There’s always a quirky spirit to find these days, especially if your browsing the shelves either in your bar, supermarket or online. But what would you say to a bottle that had a spiked collar neck and has the word ‘Bulldog’ in striking letters? Would you think it was a hard-hitting spirit with a bite of attitude? Would you believe me if I said this were to be a gin? Not your usual quaint, relaxing sort of branding, or indeed tipple, and definitely goes against the norm of the less ruthless category in the market. Bulldog gin though is redefining the barriers of people’s perceptions.
Created by former investment manager and gin and tonic lover, Mr Anshuman Vohra used his experiences of travelling around the globe and combined with them with the expertise of G&J Distillers, based in Warrington, to source 12 botanicals from 8 different countries to create a ‘smooth and harmonious flavour’, something that he apparently felt lacked in other gins. With a bottle that was designed to strike the bold philosophy behind the brand, and a name taken from Sir Winston Churchill and the British ‘Bulldog spirit’ that he was known for, Bulldog has been striving since its humble beginning back in 2007 to being distributed all over the world, and most recently hitting the shores of the USA.
But what makes Bulldog command the attention of gin lovers?
As mentioned, Bulldog has a blend of 12 botanicals, a mix of traditional, and rather exotic ingredients, including Chinese dragon eye, Turkish white poppy seeds, Asian lotus leaves, Italian juniper, Moroccan coriander, German angelica, Spanish lemon, Chinese liquorice, Italian orris, Spanish almonds, Asian cassia and French lavender. The gin is distilled four times within copper pot stills, combined with Norfolk wheat from East Anglia and fresh water from Wales. This creates a consistent gin which is also certified Kosher and vegan-friendly.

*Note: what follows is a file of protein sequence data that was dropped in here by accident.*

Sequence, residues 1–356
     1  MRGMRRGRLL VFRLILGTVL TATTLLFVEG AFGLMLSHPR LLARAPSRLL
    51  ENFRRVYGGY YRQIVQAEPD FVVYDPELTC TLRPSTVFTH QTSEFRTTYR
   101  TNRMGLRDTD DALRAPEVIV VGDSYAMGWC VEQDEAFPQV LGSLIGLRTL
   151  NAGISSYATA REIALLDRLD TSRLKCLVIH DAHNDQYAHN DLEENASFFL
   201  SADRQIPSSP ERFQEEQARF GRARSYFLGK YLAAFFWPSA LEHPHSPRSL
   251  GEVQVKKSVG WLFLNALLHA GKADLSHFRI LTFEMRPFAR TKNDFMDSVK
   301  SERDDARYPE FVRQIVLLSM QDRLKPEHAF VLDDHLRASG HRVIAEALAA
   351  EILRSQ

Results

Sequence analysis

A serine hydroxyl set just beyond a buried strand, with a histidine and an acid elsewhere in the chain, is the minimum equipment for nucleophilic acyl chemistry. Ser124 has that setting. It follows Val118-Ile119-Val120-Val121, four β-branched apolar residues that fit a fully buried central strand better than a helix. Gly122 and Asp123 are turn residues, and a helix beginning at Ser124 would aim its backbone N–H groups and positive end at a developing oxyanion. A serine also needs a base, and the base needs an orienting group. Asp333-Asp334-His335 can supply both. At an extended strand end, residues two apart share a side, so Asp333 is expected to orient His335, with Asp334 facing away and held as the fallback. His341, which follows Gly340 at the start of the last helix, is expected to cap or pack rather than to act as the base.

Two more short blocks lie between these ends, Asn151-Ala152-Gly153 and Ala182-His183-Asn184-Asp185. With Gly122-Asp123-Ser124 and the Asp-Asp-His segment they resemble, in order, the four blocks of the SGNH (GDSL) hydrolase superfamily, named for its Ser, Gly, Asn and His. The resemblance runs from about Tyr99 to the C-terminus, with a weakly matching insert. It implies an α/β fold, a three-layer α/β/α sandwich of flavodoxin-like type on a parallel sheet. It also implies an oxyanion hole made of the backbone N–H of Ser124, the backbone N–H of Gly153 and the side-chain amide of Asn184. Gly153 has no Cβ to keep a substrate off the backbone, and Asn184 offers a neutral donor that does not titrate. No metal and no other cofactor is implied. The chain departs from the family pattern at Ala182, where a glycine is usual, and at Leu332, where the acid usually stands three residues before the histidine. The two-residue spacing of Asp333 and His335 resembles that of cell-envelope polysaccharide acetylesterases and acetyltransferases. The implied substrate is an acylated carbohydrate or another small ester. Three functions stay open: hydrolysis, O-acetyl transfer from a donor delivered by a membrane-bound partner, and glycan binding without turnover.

So with a rather well-travelled creation, below I give to you my tasting notes –
Bulldog – 40%
Very smooth on the nose with a clean aroma and hint of citrus near the end. Rather soft on the palate with a good mix of juniper, coriander and lemon coming through. A lasting offering that becomes a little dry at the end.
Despite the exotic botanicals, below is a more British creation for you to try –
60 ml Bulldog
15 ml Grapefruit juice
30 ml Pomegranate juice
Combine Bulldog, grapefruit and pomegranate juice in a shaker filled with ice. Top with soda and garnish with a strawberry slice.
So although seen as a rough and ready gin, its exotic combination of botanicals and the spirit of Sir Winston Churchill sees Bulldog gin as a welcomed newcomer who has seen its place in bars, and your drink cabinet, well deserved. I’ve been lucky enough to spend the day with Bulldog gin in the last couple of weeks, and featured within their tour of the G&J Distillers distillery to see first hand how the brand is created. From seeing the stills in action to the intricate machinery used for the packaging, it really does put it all into perspective. If you’re not 100% sure on experiencing Bulldog, check it out first hand. Once you see the level of work that goes into something so simple to create, it can shed a new light onto this dark bottle.
More photos from my Bulldog Distillery trip can be found via my Facebook page.
© David Marsland and Drinks Enthusiast 2014. Unauthorized use and/or duplication of this material without express and written permission from this blog/sites author and owner is strictly prohibited. Excerpts and links may be used, provided that full and clear credit is given to David Marsland and Drinks Enthusiast with appropriate and specific direction to the original content.
2 thoughts on “Bulldog”
The great thing about Brandy’s camp is that the children try both, but in a safe
environment. When this happens, you will be restricted to
the price that the home builders will give you. The key is
to find the balance and that is when having an “attitude of gratitude”
plays a key role.